From discipline to sleep habits, consistency is practically a commandment of good parenting. But sometimes you gotta change the game
Illustration Credit: Jojo Ensslin
Monique Blouin* remembers vividly when her daughter was 12 and started flirting with rudeness. For three straight days, the sixth-grader responded to everyday requests with rolled eyes and a defiantly posed hip. Then Annie muttered that her mom should just chill out. “That’s it!” said the Montreal mother of two teens. “You’re not going to hockey practice.”
At the time, Annie was playing at the highest competitive level for girls, which meant Grand-maman’s funeral was about the only valid reason to skip training. Not surprisingly, Annie staged a loud protest. Blouin remembers thinking The coach is going to have a fit, and their next game is a tough one, and it’s not the team’s fault if she’s being rude..., and says, “In the end, I caved.”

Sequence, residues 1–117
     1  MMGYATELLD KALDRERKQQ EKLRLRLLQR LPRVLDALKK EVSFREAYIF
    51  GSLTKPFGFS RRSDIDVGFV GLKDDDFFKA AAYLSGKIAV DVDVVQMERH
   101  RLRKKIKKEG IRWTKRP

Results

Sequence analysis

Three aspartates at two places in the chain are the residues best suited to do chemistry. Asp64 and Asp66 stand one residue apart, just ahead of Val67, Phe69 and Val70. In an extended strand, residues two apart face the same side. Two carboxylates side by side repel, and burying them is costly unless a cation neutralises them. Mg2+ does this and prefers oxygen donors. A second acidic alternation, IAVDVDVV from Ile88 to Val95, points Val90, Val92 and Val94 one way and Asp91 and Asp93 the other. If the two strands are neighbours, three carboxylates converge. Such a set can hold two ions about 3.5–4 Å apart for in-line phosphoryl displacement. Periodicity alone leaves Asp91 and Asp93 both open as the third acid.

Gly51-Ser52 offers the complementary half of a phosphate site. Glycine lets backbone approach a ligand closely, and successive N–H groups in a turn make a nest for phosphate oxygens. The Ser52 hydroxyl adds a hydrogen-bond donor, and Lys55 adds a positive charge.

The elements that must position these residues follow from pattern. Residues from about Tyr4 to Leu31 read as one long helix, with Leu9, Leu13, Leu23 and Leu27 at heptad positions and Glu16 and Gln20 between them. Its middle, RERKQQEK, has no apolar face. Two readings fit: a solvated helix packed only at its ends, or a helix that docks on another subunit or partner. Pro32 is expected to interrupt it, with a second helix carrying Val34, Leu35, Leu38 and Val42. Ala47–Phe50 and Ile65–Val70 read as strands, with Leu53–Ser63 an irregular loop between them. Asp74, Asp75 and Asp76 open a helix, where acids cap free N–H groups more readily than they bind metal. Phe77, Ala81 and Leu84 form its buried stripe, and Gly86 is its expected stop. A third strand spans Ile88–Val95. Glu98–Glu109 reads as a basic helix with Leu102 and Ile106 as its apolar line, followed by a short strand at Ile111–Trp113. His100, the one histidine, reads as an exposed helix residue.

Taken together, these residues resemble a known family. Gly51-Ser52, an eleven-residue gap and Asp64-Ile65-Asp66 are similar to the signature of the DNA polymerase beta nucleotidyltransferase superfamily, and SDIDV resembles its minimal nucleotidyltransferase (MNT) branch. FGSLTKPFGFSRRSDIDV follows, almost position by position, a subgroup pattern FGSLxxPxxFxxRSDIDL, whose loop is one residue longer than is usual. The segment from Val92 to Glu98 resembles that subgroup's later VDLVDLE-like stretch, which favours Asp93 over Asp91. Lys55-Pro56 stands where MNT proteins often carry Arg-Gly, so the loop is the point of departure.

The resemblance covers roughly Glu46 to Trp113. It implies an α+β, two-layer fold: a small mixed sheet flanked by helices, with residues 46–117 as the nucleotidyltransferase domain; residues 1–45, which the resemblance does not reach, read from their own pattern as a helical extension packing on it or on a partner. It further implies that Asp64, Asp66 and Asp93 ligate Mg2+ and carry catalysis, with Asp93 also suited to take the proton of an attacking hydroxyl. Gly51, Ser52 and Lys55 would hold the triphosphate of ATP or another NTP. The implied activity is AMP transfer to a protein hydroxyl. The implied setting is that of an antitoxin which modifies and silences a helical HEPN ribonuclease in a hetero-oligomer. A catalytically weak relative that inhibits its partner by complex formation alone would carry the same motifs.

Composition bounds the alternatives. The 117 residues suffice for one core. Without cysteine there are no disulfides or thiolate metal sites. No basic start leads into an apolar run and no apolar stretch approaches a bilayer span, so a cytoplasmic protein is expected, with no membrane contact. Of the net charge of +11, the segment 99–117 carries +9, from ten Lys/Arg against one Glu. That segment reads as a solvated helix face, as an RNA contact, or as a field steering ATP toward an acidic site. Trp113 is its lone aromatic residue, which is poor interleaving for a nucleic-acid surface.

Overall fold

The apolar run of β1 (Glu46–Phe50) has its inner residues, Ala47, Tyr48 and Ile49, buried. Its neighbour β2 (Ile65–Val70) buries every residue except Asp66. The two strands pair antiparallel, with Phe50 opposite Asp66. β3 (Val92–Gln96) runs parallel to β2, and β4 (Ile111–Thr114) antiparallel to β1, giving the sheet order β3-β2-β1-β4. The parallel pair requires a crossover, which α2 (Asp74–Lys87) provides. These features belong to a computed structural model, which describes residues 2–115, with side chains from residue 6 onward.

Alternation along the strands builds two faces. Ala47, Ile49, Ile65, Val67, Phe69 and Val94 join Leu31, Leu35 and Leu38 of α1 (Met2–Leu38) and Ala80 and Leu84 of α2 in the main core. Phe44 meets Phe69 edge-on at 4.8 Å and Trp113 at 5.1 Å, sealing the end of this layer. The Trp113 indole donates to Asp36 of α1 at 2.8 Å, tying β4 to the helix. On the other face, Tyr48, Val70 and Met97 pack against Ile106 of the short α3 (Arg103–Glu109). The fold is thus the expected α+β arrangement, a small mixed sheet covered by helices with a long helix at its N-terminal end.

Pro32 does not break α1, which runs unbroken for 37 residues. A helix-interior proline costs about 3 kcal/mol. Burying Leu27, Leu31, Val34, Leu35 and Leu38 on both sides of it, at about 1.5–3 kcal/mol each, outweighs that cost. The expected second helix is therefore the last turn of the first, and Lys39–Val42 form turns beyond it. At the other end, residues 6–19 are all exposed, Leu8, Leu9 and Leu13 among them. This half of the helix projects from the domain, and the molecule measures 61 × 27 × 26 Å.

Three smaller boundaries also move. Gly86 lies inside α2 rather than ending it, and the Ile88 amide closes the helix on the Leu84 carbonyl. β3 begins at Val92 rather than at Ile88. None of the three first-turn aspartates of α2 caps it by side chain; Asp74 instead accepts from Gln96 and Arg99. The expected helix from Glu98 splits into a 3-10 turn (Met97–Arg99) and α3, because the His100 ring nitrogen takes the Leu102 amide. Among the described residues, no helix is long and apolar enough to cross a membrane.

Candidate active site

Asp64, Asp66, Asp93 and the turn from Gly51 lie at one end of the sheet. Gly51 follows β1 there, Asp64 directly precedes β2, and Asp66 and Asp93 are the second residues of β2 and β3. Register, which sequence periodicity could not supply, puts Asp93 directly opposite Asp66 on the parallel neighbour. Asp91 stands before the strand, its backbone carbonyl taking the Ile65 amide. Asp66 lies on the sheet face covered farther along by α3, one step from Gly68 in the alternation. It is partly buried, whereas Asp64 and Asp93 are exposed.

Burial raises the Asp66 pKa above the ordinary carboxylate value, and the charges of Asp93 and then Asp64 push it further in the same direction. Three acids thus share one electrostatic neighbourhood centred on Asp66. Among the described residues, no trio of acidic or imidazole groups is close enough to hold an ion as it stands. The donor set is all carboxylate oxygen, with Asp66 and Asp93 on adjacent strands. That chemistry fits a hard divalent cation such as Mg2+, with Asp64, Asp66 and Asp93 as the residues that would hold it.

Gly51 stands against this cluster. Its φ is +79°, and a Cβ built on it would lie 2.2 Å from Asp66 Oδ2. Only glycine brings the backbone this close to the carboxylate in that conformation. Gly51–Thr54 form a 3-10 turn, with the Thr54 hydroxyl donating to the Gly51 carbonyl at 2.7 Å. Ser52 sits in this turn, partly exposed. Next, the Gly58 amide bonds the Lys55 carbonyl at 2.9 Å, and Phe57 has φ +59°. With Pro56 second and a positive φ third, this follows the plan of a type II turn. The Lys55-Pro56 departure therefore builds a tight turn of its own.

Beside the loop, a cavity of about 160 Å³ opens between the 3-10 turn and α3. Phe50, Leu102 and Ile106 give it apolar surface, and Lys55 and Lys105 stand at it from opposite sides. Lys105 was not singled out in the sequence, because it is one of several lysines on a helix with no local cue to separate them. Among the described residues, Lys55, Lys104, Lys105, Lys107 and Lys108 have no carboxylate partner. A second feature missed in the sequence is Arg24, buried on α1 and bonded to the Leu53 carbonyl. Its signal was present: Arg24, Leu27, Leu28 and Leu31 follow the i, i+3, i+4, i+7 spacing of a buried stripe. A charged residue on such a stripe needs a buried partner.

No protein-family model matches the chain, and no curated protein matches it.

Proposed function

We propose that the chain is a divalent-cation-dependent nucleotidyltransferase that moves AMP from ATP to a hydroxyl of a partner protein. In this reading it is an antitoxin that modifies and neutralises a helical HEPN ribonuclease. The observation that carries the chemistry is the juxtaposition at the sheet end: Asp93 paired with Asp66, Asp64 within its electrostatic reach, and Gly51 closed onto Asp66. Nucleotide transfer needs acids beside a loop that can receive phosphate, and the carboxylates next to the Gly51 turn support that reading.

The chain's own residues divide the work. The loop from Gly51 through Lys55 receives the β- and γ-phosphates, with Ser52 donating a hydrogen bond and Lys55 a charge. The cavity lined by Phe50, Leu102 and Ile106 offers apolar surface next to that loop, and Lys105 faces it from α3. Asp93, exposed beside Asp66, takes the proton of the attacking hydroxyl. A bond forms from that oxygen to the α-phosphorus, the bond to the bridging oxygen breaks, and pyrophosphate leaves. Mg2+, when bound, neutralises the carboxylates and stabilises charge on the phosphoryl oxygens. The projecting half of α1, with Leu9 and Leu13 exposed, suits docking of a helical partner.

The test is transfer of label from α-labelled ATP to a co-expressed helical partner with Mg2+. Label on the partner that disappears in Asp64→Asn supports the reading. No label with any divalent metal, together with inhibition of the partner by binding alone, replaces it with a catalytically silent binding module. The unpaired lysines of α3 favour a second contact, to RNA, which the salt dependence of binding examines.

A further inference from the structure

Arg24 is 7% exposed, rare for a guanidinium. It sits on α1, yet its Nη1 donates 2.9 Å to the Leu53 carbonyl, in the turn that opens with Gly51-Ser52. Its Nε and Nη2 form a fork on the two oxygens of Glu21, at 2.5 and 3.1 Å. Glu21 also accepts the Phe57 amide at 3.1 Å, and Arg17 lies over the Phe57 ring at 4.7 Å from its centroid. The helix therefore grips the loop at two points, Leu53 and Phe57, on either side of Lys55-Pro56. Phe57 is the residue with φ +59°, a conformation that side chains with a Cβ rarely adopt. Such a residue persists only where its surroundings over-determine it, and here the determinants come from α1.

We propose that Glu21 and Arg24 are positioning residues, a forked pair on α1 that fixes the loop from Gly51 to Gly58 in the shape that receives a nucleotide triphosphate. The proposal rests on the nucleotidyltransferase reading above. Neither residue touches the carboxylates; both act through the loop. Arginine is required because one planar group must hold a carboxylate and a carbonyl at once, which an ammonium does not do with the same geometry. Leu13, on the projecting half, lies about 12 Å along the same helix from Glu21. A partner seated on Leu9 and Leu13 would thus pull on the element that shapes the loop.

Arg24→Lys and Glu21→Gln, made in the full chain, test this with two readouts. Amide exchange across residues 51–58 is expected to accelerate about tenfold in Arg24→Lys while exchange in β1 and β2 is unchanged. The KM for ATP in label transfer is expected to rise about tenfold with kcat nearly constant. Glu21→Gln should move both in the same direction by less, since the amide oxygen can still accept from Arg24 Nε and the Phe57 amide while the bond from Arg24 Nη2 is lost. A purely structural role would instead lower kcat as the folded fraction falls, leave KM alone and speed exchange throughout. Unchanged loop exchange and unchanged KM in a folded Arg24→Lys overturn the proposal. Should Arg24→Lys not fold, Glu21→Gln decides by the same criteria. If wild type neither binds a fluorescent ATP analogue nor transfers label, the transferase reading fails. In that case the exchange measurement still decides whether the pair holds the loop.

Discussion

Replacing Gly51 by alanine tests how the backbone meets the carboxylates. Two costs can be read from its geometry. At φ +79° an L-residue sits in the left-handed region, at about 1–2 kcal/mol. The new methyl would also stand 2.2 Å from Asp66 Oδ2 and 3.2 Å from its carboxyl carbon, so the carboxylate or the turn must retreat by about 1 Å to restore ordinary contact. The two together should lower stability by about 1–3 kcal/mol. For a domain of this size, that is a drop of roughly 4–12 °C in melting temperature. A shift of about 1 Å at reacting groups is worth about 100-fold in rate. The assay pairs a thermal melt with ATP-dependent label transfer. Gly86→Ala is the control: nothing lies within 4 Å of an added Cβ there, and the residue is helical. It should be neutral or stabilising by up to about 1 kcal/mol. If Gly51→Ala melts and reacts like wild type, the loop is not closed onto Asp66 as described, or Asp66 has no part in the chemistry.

But when the sass continued, Blouin went from regretting the penalty to regretting that she’d dropped it. Fortunately, with support from the coach, she had a second chance: The next time Annie crossed the line, Blouin didn’t let her play. Annie worked herself into such a state that she ended up with a migraine. But the rudeness has stopped — now that Blouin has hockey in her back pocket.
Hands up if you’ve ever wanted a do-over with your kids. Maybe you wished you could erase the sound of your voice uttering a ridiculous consequence (grounded for life, eh?) or hesitated to comfort your teething toddler at 3 a.m. for fear of messing up his sleep habits (and your own).
Venting and hand-wringing won’t turn back time, but changing your mind is OK, says Richard Young, a professor of counselling psychology at the University of British Columbia in Vancouver. “Situations change or rules may not work the way we’d hoped,” he says. In some cases, reversing a decision can teach your kids valuable life skills. Follow these guidelines next time you need to press the reset button.
*Name changed by request.